To this end, training is the key. Not simply as a practice but as a principle based on a well-designed training system to orient employees and to invest in the on-going need to oil-the-machine with refresher courses and opportunities to acquire new skills. This is true for not only the development of hard skills (i.e. job specific licenses and certifications), but also for soft skills, which include a wide range of transferable knowledge that attributes of personality, behavior and speak to how one interacts with others. When it comes to emotional development, there is a growing field of study of social emotional learning (SEL) that has piqued my interest. It provides an opportunity to develop hard and soft skills through a variety of integrated and interactive approaches. While a big part of the intrigue for me is in its application in early childhood education, the principles of SEL also apply to adults in the workplace. In truth, we spend a significant amount of our time in life simply just learning how to live yet I have discovered that life itself is just a series of on-going lessons and growth opportunities.
From Kindergarten to 12th grade (13 years), the average child in the United States spends 35% of those years in school. Additionally, many children (approximately 42%) under the age of 5 with employed mothers spend at least 35 hours a week in child care or preschool – which is 20% of time per year. This does not factor in university education, which generally functions on the principle that it take 10,000 hours (approximately 1 year) to master information and students on average spend 4 years pursuing an undergraduate degree and many more years if one pursues graduate or doctoral studies. That’s a lot of hours of time spent from birth within structured learning spaces. Yet while it is illegal, bullying and harassment are prominent features in the experience of many individuals in an educational campus including LGBTQ and immigrant youth as well as children and youth with disabilities. Acknowledged by the US Department of Education’s Office for Civil Rights and the Office of Special Education and Rehabilitative Services, bullying can have a profound impact on students, raise safety concerns, and eroding efforts to ensure that students with disabilities have equal access to the myriad of benefits that education offers.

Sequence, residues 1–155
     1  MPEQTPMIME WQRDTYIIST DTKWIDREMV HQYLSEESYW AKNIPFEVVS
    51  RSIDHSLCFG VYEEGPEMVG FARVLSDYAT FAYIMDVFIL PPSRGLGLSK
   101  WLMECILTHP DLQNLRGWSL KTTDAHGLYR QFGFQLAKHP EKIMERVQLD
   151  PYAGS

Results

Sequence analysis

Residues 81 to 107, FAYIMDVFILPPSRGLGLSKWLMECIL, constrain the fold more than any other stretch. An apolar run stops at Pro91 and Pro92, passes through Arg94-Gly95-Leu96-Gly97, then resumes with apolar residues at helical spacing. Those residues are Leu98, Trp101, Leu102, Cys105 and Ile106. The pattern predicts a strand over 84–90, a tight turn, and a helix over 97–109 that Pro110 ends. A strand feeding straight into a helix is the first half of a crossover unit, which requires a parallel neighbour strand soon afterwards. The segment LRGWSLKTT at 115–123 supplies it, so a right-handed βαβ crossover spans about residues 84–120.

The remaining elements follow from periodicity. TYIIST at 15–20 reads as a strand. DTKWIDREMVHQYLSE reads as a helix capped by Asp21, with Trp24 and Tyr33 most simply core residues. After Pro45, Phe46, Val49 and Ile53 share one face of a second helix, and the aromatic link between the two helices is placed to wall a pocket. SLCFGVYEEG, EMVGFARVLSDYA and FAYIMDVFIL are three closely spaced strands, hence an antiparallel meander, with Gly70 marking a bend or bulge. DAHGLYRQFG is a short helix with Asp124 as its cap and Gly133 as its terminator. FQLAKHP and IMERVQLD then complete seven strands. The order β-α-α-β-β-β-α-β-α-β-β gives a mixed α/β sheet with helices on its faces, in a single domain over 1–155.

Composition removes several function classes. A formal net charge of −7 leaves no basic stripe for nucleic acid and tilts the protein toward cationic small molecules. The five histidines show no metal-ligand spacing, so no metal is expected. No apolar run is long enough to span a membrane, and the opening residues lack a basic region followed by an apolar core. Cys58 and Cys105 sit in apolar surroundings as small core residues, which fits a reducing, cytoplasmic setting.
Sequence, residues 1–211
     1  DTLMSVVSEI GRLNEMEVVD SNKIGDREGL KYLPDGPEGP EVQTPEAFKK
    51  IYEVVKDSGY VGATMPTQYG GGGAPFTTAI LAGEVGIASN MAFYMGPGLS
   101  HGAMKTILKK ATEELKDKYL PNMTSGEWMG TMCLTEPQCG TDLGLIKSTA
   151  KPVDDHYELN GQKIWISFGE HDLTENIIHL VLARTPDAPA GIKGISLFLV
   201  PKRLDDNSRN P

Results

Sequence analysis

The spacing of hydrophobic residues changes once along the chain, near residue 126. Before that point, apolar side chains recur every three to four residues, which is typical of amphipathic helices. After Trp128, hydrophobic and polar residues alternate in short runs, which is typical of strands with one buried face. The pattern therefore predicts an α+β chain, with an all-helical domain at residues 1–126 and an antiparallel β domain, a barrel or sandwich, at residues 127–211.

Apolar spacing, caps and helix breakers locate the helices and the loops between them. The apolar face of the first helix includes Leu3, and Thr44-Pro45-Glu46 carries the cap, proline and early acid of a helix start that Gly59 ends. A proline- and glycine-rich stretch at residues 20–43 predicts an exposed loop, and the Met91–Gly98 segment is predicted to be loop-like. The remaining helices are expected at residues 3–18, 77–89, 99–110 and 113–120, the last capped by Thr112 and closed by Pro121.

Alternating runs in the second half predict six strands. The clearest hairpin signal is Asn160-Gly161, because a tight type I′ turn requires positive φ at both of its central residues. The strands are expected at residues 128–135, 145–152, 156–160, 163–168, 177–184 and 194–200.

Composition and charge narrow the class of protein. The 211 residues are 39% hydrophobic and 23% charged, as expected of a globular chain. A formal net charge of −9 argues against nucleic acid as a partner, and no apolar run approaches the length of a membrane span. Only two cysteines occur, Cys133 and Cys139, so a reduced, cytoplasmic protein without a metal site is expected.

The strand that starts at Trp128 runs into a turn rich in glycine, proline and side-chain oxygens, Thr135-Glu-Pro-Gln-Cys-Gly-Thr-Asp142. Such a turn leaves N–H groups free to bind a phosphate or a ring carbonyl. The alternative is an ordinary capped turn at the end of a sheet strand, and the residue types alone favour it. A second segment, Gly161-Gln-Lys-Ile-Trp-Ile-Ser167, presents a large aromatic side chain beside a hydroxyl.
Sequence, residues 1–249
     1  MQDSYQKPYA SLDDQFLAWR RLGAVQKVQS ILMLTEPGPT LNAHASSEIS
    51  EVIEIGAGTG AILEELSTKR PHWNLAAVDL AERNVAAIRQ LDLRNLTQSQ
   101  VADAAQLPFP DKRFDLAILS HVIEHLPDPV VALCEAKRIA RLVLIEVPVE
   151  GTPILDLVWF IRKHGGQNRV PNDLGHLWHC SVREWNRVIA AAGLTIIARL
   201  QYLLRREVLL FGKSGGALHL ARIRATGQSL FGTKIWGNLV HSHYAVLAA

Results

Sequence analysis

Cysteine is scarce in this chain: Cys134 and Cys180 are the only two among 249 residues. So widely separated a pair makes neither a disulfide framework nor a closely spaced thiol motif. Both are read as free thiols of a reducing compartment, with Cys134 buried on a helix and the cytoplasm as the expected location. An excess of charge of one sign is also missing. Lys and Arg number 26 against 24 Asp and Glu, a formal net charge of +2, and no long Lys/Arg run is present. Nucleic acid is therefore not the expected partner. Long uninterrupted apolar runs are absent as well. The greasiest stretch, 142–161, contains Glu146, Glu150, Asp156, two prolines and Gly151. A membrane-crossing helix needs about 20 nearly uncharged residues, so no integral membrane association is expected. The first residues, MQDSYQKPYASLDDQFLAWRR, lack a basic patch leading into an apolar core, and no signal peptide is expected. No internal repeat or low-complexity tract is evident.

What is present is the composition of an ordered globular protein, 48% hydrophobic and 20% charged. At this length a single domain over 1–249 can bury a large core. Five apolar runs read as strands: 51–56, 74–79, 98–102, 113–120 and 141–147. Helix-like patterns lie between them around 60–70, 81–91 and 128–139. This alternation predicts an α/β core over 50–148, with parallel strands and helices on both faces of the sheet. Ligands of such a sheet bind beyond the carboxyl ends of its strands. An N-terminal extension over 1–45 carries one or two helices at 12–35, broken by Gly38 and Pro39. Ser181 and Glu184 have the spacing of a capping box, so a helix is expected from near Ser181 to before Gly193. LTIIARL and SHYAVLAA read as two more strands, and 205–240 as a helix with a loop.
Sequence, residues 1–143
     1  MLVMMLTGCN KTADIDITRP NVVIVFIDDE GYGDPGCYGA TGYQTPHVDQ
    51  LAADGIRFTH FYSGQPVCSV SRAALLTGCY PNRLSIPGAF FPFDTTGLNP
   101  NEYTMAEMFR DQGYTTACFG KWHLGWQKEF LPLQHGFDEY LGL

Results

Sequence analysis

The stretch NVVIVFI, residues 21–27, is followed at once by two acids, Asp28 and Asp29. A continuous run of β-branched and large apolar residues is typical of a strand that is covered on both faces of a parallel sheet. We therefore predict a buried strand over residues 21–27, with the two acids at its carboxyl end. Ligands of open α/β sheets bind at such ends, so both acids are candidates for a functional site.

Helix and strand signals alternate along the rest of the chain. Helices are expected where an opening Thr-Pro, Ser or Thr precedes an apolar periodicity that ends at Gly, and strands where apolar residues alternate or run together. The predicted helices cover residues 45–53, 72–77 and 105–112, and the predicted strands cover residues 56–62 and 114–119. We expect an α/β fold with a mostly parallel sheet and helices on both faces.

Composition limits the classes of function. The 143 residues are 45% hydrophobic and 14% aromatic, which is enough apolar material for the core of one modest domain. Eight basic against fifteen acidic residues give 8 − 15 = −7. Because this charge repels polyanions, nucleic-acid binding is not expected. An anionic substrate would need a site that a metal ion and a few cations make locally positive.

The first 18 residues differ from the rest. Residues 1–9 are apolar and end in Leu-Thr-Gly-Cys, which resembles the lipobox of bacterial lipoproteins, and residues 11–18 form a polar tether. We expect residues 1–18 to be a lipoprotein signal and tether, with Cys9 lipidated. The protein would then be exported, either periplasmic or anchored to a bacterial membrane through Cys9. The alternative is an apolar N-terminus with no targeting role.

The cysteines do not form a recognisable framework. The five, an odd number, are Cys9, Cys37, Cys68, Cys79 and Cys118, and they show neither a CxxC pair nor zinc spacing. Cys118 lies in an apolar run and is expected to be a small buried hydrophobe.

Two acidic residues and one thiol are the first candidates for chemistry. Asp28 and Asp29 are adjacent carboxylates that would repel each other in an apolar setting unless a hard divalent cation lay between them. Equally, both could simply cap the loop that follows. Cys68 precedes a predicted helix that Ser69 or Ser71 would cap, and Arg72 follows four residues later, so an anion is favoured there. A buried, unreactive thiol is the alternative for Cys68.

Institutional racism or discrimination, which speaks to the system of care, is set by those appointed or employed to decide the functions of the system. It is through these many years of schooling one learns white supremacist behaviors and other related survival of the fittest mentalities of sexism, homophobia, xenophobia, ableism, etc. So, after all these many years being exposed to under-addressed and sometimes nurtured in discriminatory processes, behaviors learned from observing, participating in or being victimized by bullying in the many years in the school yard spill into the work environment and do not simply go away at graduation.
To me, this suggests an unlearning process in the workplace is as critical to human development as it is important to equip children at a very young age with these tools to achieve emotional intelligence and achieve real and sustained cultural competencies. It takes political will – the will to not enforce white nationalist ideas – and leadership with integrity that offers incentive and invests in the emotional development of government agents and others whose work duties impact the lives of so many vulnerable families and communities in need.